Sometimes, you just need to relax with a mindless comedy and that’s partly why I took the time to watch Dinner for Schmucks. Starring Paul Rudd as yet another Joe Everyman and Steve Carell as another socially awkward character, Dinner for Schmucks isn’t quite sure where it finds itself on the morality scale.
In order to land his much-desired promotion, Paul Rudd must bring the most ridiculous person he can to a so-called dinner for winners. The truth is that the dinner, hosted by Rudd’s bosses and their other rich friends, is a venue where said hosts can make fun of the guests. Carell’s character is among the oddest, creating dioramas with dead mice, and the audience is left wondering whether we should feel guilty for laughing at him. We know this dinner is wrong, but the makers of the movie still pour on the comedy.
If you’re willing to check your ethics at the door, there are some good laughs to be had here. Zach Galifianakis of Hangover fame is particularly amusing when he makes use of his “mind control” techniques on Carell’s character. For my part, Dinner for Schmucks is easily forgettable, but it does provide for some cheap giggles too.
Get Him to the Greek (2010)
This isn’t really a sequel to Forgetting Sarah Marshall, but Russell Brand does reprise his role as rock star Aldous Snow in Get Him to the Greek. The weird thing is that Jonah Hill is also in this new film, but he’s playing an entirely different character altogether. Well, he’s the same guy, but in a different role… we all know how people get type-cast.
In a nutshell, Jonah’s character works for a record label and he has to get Aldous Snow to the Greek Theater in Los Angeles in time for a comeback concert of sorts. Naturally, Aldous leads a little too much of a rock star lifestyle, filled with drugs, alcohol, and women. I’m a pretty big fan of Russell Brand’s brand of comedy, so this movie was a fun little diversion for me.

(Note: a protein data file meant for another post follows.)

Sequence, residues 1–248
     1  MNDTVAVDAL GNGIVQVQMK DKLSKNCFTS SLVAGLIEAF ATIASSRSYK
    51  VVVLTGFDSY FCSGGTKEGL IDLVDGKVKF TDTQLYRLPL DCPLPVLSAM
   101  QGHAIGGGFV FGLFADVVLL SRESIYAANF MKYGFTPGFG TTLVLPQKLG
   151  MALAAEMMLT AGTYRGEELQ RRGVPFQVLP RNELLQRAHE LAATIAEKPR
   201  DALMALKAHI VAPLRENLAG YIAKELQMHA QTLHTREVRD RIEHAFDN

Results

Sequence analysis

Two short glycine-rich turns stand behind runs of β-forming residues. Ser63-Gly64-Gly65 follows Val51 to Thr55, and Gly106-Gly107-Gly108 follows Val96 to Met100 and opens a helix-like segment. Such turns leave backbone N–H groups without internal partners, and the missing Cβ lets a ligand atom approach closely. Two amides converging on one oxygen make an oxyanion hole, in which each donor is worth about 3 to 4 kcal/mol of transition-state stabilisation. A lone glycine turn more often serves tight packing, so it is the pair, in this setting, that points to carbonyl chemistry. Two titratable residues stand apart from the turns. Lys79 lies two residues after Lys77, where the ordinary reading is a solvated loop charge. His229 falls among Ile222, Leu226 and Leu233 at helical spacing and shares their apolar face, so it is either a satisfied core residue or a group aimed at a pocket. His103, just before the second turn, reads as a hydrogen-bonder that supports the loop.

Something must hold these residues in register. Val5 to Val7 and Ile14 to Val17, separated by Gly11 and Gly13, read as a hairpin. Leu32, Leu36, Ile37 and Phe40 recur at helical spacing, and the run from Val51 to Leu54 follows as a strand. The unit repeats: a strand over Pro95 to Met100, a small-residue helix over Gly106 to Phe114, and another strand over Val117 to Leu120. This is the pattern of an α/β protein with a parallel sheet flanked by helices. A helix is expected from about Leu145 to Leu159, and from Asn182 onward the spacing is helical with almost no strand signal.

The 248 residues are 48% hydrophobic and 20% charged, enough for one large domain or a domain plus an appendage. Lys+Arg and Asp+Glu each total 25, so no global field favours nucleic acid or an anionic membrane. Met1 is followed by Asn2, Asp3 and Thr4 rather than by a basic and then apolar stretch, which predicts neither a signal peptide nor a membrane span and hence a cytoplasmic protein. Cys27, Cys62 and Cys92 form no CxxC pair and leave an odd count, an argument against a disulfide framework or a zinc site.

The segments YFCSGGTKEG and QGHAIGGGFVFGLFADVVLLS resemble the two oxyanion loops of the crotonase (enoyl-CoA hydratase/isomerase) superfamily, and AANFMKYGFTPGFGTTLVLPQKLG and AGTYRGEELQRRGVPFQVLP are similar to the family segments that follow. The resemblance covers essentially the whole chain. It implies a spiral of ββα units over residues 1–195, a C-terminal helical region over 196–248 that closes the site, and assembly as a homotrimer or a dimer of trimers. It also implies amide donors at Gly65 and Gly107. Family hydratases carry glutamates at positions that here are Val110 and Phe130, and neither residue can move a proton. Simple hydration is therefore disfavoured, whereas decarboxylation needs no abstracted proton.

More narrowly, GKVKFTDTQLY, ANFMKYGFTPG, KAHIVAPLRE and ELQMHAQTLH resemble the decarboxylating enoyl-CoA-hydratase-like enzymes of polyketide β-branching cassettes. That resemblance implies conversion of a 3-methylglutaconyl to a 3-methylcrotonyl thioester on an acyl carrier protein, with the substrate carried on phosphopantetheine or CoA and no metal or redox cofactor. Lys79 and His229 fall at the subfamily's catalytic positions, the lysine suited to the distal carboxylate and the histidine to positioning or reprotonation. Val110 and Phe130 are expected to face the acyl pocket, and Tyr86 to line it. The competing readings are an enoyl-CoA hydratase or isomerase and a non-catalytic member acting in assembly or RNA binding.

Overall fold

That said, it was Sean “P. Diddy” Combs who steals the show with his portrayal of a record label executive. He has plenty of great one-liners; for instance, when he is chasing Brand and Hill down a hallway, he exclaims, “You can’t outrun me! I’m black!” No, it’s not politically correct at all, but it’s pretty funny. Don’t expect the world from Get Him to the Greek, but it’s still worth watching.
The Girl with the Dragon Tattoo (2009)
Moving away from the comedy genre, we find one of the most compelling movies from last year. The Girl with the Dragon Tattoo is based on a Swedish novel by Stieg Larsson. The somewhat complex plot involves a middle-aged journalist who loses a libel case against a billionaire industrialist. Before he heads off to prison for three months, he is hired on a freelance basis to investigate the disappearance of the man’s great-niece some 40 years ealier.
The same man hires a gifted private investigator named Lisbeth Salander and she ends up in a psuedo-relationship with the journalist. What results is a whirlwind investigation with Nazi history, family ties, deception, corruption, and even a little dash of love. The film does run a little long and you’ll need to read subtitles, but it’s worth your time. It’s both compelling and haunting, following several leads which only develop into more questions.
As I understand it, there is another film in the series (also based on a book by the same author in the same series) called The Girl Who Played With Fire. The DVD is scheduled for release later this month, so that’s probably worth picking up as well.